Healthcare Update — 06-11-2012


Good news is that you and your children are less likely to die in a fire. Bad news is that you and your children may be more likely to gain weight, become anxious, experience premature puberty, and have abnormal reproductive cycles. To blame: the flame retardant chemical named Firemaster 550.

Jury awards family $6.4 million when patient experience chest and shoulder pain diagnosed with pneumonia in ED, doctors do not order cardiac markers and lipid panel, then patient suffers cardiac arrest three months later.

Some Canadian patients find that when lifesaving treatment is needed within minutes, approval to transfer patients to get that treatment is only hours away. One eight year old patient is alive today because a smart Canadian emergency physician didn’t wait for the red tape before transferring her to Detroit for bleeding in her brain.

$2.57 million federal grant to University of Buffalo expected to save $5 million by reducing emergency department visits. Thirteen new health workers will visit area “frequent flyers” and make sure that all of their needs are addressed. Which creates a perverse incentive for other patients on Medicare and Medicaid: Want free specialized care delivered right to your door? Just go to the emergency department a lot.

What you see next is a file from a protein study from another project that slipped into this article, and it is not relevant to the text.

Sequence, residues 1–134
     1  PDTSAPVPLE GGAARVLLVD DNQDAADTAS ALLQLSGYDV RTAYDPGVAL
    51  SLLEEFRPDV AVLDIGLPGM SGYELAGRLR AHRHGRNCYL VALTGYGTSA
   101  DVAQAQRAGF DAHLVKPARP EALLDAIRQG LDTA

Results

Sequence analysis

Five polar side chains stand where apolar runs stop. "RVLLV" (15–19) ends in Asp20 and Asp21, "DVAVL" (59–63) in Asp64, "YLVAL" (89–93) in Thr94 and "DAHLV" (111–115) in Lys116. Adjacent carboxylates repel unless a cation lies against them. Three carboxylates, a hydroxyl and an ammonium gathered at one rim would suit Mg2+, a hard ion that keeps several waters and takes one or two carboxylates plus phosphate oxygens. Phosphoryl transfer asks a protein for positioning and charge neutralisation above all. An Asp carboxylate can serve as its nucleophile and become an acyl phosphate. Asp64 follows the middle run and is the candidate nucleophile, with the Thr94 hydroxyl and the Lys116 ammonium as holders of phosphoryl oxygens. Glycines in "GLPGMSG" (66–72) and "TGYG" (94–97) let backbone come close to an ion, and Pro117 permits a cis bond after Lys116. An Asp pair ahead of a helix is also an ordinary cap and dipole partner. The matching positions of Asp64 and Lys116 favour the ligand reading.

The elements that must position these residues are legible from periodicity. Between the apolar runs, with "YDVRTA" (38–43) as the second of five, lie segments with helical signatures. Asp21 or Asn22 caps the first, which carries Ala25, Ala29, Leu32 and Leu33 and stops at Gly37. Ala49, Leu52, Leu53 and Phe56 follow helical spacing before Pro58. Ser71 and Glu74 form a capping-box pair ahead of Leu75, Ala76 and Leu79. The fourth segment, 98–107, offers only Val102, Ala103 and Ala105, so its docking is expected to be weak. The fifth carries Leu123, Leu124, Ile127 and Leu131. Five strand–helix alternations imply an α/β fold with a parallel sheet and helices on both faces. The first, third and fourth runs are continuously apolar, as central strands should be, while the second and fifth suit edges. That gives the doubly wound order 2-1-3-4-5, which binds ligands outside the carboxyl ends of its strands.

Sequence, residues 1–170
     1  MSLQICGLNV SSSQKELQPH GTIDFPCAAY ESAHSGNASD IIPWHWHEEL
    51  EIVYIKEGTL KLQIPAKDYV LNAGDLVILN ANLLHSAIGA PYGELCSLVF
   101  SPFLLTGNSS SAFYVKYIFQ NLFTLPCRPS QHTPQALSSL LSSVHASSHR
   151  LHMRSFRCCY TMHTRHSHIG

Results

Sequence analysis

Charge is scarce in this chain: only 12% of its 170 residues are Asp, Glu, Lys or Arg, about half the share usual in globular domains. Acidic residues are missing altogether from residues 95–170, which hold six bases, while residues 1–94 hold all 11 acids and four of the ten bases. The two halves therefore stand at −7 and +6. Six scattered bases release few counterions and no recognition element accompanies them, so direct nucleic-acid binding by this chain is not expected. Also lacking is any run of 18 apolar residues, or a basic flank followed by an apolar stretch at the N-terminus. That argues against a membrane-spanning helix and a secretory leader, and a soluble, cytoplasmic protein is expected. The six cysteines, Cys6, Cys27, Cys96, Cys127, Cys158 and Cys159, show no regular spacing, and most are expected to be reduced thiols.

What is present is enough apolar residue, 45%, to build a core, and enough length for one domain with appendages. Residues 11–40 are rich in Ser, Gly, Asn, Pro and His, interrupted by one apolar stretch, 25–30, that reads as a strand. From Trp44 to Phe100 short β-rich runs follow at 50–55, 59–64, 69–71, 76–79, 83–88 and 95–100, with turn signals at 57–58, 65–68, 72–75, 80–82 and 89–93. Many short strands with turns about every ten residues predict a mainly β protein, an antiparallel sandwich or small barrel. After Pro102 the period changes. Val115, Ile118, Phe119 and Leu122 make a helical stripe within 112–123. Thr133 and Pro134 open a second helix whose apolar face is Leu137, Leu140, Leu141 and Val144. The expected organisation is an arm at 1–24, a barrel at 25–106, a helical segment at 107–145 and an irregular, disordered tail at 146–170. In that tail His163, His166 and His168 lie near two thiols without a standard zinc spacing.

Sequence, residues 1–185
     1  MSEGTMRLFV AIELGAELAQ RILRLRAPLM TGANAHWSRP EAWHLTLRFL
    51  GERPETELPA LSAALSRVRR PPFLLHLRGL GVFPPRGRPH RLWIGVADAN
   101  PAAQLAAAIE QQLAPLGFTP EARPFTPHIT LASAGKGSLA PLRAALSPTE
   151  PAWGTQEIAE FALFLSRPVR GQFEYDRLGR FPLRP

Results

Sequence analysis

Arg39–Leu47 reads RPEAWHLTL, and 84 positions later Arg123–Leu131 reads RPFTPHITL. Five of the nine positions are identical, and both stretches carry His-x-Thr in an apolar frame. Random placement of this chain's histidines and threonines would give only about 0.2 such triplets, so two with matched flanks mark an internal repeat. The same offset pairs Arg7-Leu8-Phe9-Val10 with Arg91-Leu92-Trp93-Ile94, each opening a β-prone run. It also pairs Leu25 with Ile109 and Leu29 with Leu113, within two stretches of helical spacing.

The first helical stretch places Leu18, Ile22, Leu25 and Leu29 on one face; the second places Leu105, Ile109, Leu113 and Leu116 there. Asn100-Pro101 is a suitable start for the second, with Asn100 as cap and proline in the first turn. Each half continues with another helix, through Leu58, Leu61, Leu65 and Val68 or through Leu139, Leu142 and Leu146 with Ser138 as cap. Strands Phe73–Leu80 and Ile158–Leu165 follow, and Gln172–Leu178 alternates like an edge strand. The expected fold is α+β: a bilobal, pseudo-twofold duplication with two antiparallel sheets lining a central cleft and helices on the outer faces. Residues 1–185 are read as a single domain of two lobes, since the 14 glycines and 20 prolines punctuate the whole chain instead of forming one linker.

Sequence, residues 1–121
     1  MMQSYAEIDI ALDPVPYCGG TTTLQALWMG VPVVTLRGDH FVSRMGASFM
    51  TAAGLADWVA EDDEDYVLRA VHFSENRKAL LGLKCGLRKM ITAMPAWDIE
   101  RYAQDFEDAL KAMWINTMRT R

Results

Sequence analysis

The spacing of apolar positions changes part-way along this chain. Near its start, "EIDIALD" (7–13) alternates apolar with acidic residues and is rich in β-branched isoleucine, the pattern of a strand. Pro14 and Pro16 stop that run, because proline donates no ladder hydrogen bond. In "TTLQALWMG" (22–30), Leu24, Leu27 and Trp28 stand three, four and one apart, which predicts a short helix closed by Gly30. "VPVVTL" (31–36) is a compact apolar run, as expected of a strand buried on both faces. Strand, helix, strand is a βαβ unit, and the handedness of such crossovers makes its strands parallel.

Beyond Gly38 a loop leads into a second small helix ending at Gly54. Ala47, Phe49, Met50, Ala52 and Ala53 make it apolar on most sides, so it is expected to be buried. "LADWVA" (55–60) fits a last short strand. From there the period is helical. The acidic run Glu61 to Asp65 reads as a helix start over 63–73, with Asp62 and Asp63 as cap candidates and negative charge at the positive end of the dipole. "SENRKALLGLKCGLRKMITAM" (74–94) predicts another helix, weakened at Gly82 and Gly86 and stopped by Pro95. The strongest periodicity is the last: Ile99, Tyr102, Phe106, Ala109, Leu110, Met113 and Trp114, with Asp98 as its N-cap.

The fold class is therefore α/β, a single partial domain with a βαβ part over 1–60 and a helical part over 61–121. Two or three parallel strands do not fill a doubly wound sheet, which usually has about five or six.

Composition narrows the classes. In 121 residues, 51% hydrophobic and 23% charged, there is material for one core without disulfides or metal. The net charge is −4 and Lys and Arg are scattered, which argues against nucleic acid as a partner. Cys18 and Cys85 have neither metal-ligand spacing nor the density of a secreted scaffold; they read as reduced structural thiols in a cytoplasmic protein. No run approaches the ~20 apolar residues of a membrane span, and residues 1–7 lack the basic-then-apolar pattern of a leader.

Another study is published showing the increased risks of cancer when performing head CT scans in children

Some people call them “donorcycles” for a reason. When helmet laws are repealed, motorcycle fatalities increase – and so do the costs of caring for brain-injured patients.

Holy Spirit Hospital in Pennsylvania cited by state health department for failing to adequately monitor a potentially suicidal patient who came to the emergency department. Patient threatened to jump out of a window at home, but was calm and cooperative in the emergency department. Patient later snuck out of the ED when no one was watching and jumped in front of a speeding car, killing herself.


  1. The 6.4 million dollar verdict? Against Robert T. McNamara, Professor and Chairperson, Department of Emergency Medicine at Temple.
    And when did lipid panels become standard of care for ACS workups in the ED? I know I’m fairly new to the game, but I have yet to order a lipid panel in the ED. Ridiculous.

  2. Pingback: From Overlawyered: Medical Roundup | Cato @ Liberty

Leave A Reply